Wrong. The Lady Whistledown column exposing Lady Twombley’s lie comes out a few days before schedule, on the night of Colin and Penelope’s engagement party. Cue more arguing between Colin and Penelope... which turns into a spicy pre-marital romp.
The column might have cleared the air regarding Lady Twombley, but she’s not out of Penelope’s life just yet. After Lady Twombley figures out that the soon-to-be Mrs. Colin Bridgerton has been spilling all of the London tea for the last 11 years, she blackmails her, asking for a whopping £10,000 to keep silent. That’s the final straw for Colin, who proudly announces Penelope’s achievements at their next social engagement.
By the events of Happily Ever After, Colin and Penelope have four children: Agatha, Thomas, Jane, and George.
Eloise Bridgerton Marries Sir Phillip Crane In To Sir Phillip, With Love
Would you marry a man you’d never met? If you were the adventurous and impulsive Eloise Bridgerton, you might!
Bridgerton Season 1 introduced fans to Marina Thompson, the Featheringtons’ cousin, who finds herself in an impossible situation when she learns that she is pregnant by her ex-lover, George, who has been called to war. Marina later finds out that George has been killed, when his brother, Phillip, arrives and proposes to her.
In the books, Marina is the Bridgertons’ distant cousin, who marries her fiancé’s brother after his death at Waterloo. Her marriage to Sir Phillip produces twins, Oliver and Amanda, but is cut short when Marina dies by suicide. After learning of her cousin’s death, Eloise writes to Sir Philip with her condolences. Her letter sets off a lengthy correspondence that ends when he asks her to visit him, in the hopes that they will be married.
Once Eloise has moved in with the Cranes, however, she begins to realize that Sir Phillip isn’t quite what she’d imagined. He’s distant, more concerned with his plants than his family, and he ignores his children’s attempts to get his attention. In spite of Eloise’s hopes that they would fall in love, Sir Phillip doesn’t want a wife. Oh sure, he’ll marry her, but only because he needs a mother for his children.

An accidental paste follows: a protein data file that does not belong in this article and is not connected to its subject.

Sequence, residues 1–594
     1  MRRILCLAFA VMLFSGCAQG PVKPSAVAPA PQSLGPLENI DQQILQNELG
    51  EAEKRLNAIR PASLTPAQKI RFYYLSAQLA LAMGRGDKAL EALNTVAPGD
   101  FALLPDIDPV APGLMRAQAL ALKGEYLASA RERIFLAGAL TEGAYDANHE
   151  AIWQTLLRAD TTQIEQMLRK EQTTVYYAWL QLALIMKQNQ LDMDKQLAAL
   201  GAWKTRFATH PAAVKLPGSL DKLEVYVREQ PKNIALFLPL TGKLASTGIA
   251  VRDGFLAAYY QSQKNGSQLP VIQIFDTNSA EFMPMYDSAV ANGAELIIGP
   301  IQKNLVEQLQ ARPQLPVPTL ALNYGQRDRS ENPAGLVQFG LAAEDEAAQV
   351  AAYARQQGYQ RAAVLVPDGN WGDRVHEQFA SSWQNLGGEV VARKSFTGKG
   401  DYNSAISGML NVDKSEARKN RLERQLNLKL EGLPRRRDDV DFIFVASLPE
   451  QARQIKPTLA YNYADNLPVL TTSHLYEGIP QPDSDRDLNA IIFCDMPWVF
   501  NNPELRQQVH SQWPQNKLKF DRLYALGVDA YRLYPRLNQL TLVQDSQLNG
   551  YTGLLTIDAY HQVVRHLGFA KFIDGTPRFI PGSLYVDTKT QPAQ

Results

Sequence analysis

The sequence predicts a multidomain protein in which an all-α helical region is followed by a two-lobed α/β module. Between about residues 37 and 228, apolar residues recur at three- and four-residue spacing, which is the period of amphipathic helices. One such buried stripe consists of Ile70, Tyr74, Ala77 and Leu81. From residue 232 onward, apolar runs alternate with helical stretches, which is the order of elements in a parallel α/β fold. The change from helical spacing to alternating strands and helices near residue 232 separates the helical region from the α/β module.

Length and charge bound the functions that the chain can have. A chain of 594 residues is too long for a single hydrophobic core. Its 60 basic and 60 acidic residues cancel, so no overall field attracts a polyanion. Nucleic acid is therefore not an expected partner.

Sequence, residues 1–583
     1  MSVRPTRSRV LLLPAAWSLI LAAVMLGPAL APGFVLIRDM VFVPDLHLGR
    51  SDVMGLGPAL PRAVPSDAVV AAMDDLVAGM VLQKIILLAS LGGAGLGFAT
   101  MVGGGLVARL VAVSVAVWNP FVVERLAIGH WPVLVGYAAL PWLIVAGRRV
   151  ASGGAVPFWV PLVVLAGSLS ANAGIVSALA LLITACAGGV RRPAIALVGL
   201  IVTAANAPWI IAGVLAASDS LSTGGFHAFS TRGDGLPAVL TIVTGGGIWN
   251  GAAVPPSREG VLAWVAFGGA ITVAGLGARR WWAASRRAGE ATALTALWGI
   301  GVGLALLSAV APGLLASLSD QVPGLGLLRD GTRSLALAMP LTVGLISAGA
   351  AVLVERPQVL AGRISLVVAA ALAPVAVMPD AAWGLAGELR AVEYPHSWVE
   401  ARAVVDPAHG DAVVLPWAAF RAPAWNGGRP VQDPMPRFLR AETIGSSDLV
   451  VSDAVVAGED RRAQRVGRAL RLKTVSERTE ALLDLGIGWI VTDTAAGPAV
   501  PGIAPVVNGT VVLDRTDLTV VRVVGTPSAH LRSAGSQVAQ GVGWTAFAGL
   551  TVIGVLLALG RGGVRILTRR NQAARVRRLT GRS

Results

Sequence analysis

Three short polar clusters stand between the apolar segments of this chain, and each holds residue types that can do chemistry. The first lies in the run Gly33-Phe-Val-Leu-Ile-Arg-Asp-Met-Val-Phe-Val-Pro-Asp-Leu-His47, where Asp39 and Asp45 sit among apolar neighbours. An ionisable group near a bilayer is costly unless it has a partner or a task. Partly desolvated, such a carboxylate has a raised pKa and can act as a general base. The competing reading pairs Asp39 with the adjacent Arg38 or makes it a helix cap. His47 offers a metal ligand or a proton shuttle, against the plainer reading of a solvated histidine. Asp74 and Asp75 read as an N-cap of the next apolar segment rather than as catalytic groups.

Unfortunately, it’s not like Eloise can back out of her relationship. After all, she turned up on Sir Phillip’s doorstep unannounced after receiving his letter, which left him with no chance to get them a chaperone. Of course, Eloise is 28 and unmarried, having refused her fair share of suitors, so it’s not like she has any other prospects, but that doesn’t mean it’s not scandalous — a point that the worried-sick Anthony makes when he finally tracks her down. (Yeah, she didn’t tell her family, either.)
Forced into marriage, Eloise soon discovers that Sir Phillip’s emotional distance isn’t just about his grief over Marina. He’s a big guy, rugged and oafish, and he’s got a lot of unpacked trauma. Put simply, his parents abused him, and he’s afraid of getting to close to his own children, for fear that he’ll do the same to them. Free-spirited Eloise is just the right kind of woman to show him all the love he’s been missing out on, and then some.
In Happily Ever After, we learn that Amanda Crane has married Charles Farraday, and we meet Sir Philip and Eloise’s three youngsters: Penelope, Georgiana, and Frederick.
Francesca Bridgerton Marries John And Michael Stirling, 8th And 9th Earls Of Kilmartin, In When He Was Wicked
Francesca Bridgerton is all set to marry John Stirling, 8th Earl of Kilmartin, when she meets his cousin, Michael. Michael is instantly smitten, but he puts his feelings aside for John’s sake, and instead builds a deep and lasting friendship with Francesca. Then John dies unexpectedly, and nothing will ever be the same.
Michael’s inheritance hinged on one thing: the sex of Francesca’s baby. If the grieving widow has a son, then he would become the 9th Earl of Kilmartin. When she miscarries, Michael becomes his cousin’s official heir. Now, not only does he have a title, but his beloved cousin is dead, leaving his wife — the woman Michael still loves — to grieve the loss of both her husband and their baby. Michael doesn’t quite know what to do with himself, and so he runs away. To India. For four years.